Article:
Types of Environmentsp. 284
The School Systems' Environments: Interdependence Between Institutionsp. 286
Home and Family Influences on Schoolsp. 286
The Institution of Religion: Church and Statep. 288
The Economics of Education: Financing Schoolsp. 295
The Political and Legal Institutionsp. 301
Communities and Their Schoolsp. 304
Summaryp. 306
Putting sociology to workp. 307
The System of Higher Educationp. 308
History and Development of Higher Educationp. 308
Historical Functions of Higher Educationp. 309
Trends in Development of Higher Educationp. 310
Theoretical Approaches to Higher Educationp. 315
The Expansion of Higher Educationp. 315
Access to Higher Educationp. 316
Stratification and Equal Opportunity in Higher Educationp. 317
Elite versus Public Collegesp. 318
Admissions and the Courtsp. 319
Characteristics of Higher Education in the United Statesp. 321
Growth of Higher Educationp. 323
The School-to-Work Transition and the Credential Crisisp. 323
Functions of the Higher Education Systemp. 324
The University as a Communityp. 324
The Function of Researchp. 325
The Function of Teachingp. 325
The Function of Servicep. 326
The Function of the "National Security State"p. 326
Conflicts over the University's functionp. 327
The Academic Function of Universities versus Business Functionsp. 327
What Type of Curriculum?p. 329
Higher Education as an Organizationp. 331
Higher Education Structure and the Bureaucratic Model: Does It Work?p. 331
Roles in Higher Educationp. 334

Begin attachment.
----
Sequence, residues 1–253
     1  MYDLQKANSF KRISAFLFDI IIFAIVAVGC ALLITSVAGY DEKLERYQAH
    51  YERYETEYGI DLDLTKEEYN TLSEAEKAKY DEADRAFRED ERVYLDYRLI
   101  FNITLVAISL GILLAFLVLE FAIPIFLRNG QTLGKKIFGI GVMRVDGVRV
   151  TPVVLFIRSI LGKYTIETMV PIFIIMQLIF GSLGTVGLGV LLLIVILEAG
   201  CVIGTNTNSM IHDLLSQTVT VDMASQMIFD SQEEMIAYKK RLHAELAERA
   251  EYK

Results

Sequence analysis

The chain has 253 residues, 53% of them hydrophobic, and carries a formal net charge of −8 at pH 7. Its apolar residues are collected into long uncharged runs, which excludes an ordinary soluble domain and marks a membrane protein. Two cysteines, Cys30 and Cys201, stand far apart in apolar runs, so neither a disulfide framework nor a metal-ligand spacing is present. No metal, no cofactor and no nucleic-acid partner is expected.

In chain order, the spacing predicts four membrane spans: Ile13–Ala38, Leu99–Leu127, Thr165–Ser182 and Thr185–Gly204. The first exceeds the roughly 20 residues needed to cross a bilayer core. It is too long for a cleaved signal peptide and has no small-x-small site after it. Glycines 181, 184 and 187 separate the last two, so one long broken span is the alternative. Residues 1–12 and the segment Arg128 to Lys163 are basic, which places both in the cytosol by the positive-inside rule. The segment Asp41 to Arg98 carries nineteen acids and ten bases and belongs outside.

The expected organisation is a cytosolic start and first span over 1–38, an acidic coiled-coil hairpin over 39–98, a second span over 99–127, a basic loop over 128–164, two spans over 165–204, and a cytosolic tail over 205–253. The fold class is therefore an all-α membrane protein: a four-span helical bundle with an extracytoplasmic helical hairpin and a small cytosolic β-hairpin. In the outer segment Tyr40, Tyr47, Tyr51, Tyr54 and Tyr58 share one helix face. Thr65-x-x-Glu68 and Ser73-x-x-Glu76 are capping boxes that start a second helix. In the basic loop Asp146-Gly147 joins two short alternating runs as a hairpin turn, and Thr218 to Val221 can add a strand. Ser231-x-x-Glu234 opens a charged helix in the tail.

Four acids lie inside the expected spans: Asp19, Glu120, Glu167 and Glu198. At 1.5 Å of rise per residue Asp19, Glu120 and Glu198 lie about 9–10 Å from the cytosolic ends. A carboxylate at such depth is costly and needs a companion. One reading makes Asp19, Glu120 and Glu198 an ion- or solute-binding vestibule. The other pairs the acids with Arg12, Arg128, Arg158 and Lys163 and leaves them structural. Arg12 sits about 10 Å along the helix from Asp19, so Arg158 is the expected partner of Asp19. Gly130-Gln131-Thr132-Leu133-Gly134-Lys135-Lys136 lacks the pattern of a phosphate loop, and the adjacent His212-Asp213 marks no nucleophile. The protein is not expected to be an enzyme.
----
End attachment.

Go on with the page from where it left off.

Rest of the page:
Roles in Higher Education: The Clientsp. 334
Gender and Race in Higher Educationp. 335
The Graying of College Graduatesp. 342
Roles in Higher Education: The Facultyp. 343
Faculty Issues in Higher Educationp. 345
Roles in Higher Education: Administratorsp. 348
Environmental Pressures on Higher Educationp. 349
Funding of Higher Educationp. 350
The Courts and Affirmative Actionp. 352
Environmental Feedback and Organizational Changep. 354
Outcomes of Higher Educationp. 355
Higher Education: Attitudes, Values, and Behaviorsp. 355
The Value of a College Educationp. 356
Problems and Reform in Higher Educationp. 358
Summaryp. 359
Putting sociology to workp. 361
Educational Systems Around the World: A Comparative Viewp. 362
Cross-cultural Educational Studiesp. 364
Comparative Education as a Field of Studyp. 365
Comparative Education and the Systems Approachp. 366
Cross-cultural Studies of Educational Systems: Achievement Studiesp. 367
Comparative International Studies of Achievementp. 368